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Delays hinder sentencing in Kelowna sexual assault trial

Joshua Hawco was found guilty of sexual assault in 2022 and has yet to be sentenced
Joshua Hawco is guilty of sexually assaulting a woman he did not know who was sleeping. (Submitted)

Warning: This story discusses sexual violence that may be triggering for some readers.

Another delay in sentencing brought a victim of a sexual assault to tears in Kelowna’s Supreme Court on May 27.

The sentencing, which would have marked the end of a four-year legal battle for the survivor of the assault, was delayed because the victim impact statement she prepared was too long.

“I’m still reeling from how gut-wrenchingly horrible that was,” said a person who was in court and witnessed the proceedings, in a statement to Black Press Media. Due to fear of repercussions, the person has asked to remain anonymous.

The survivor will be referred to as Jane Doe as her name cannot be released due to a court-ordered publication ban. Doe has previously said she feels as though she has been living in a nightmare for the past four years since the assault took place on Christmas Eve, 2020.

Two years after the assault, on Nov. 5, 2022, Joshua Hawco was found guilty of sexual assault in a unanimous decision by a jury of 12 people.

READ MORE: Jury finds Kelowna man guilty of sexual assault

Prior to the beginning of the proceedings, Hawco had the option to elect for a trial by jury and judge or by judge alone, as is the case for any person accused of a serious crime. Hawco chose to proceed to trial with both judge and jury.

During the trial, Doe testified that she had been sleeping in her bed when she was woken up by Hawco as he was sexually assaulting her in the early morning. He was a stranger to her and had been invited over to the residence by her roommate for a first date. After her roommate fell asleep, Hawco entered Doe’s room while she slept and assaulted her in her bed.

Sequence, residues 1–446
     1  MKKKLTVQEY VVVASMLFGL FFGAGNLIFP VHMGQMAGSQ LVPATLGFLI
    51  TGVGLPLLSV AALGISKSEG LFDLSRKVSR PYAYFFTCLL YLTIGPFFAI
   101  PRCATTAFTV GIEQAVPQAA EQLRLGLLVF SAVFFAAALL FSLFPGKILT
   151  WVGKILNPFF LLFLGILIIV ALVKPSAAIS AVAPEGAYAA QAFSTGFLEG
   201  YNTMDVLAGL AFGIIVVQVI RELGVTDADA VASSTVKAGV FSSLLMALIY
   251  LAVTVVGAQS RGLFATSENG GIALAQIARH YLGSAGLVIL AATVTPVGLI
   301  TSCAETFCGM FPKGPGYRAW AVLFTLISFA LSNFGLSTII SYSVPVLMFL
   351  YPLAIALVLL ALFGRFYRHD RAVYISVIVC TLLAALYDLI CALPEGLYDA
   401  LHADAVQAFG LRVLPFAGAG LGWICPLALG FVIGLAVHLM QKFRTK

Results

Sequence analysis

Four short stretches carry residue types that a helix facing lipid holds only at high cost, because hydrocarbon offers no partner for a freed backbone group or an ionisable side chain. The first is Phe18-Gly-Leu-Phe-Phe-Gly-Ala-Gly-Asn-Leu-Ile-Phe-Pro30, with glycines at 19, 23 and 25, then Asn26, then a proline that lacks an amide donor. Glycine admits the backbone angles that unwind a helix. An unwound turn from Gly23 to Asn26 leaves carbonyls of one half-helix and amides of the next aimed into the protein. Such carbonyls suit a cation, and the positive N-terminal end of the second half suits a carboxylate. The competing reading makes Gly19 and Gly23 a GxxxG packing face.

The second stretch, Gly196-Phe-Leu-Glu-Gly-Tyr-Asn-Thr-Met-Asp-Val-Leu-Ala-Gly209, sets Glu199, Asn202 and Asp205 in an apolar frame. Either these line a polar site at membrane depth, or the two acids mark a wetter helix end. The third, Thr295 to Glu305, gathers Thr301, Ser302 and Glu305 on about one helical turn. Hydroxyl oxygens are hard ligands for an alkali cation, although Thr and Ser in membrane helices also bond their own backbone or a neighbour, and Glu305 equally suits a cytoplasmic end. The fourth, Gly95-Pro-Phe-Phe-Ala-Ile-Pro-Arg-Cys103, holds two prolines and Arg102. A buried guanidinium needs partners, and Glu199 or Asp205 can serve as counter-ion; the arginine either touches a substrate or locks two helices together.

Months after the jury’s verdict, but before sentencing, Hawco filed an application for a ‘post sexual assault conviction’ mistrial, which has resulted in delays in sentencing.

READ MORE: Kelowna woman speaks up for survivors of sexual assault, hoping for justice

Hawco claims to have had his Charter rights violated as a portion of Doe’s statement was redacted in the submissions he received. After the guilty verdict, he applied for and was granted access to the redacted portions of the statement.

Based on the court documents available to the public, it is not clear exactly what information was redacted but Hawco submits that the information would have been useful to know prior to the trial and may have aided in his defence.

Crown argued that the onus on applying for disclosure is on defence and said Hawco’s lawyer had the time and opportunity to request un-redacted copies of the statements before the beginning of the trial.

On March 28, 2024, Justice Weatherill denied Hawco’s application stating; “Having reviewed the Redacted Portions, and although possibly relevant to the defence, on balance I am not persuaded that they reached the level of materiality(sic) that would warrant a mistrial being ordered,” and dismissed the file.

On the day that was scheduled for sentencing, Doe had prepared to read her victim impact statement to the court.

Before the impact statement was read, Hawco’s lawyer argued that because it did not meet the standards outlined in the Criminal Code of Canada, the statement should not be read to the court.

Justice Weatherill conceded and ruled that the statement was to be amended and a new date would be set for sentencing.

Court will reconvene on June 3, to fix a date for sentencing.

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Jacqueline Gelineau

About the Author: Jacqueline Gelineau

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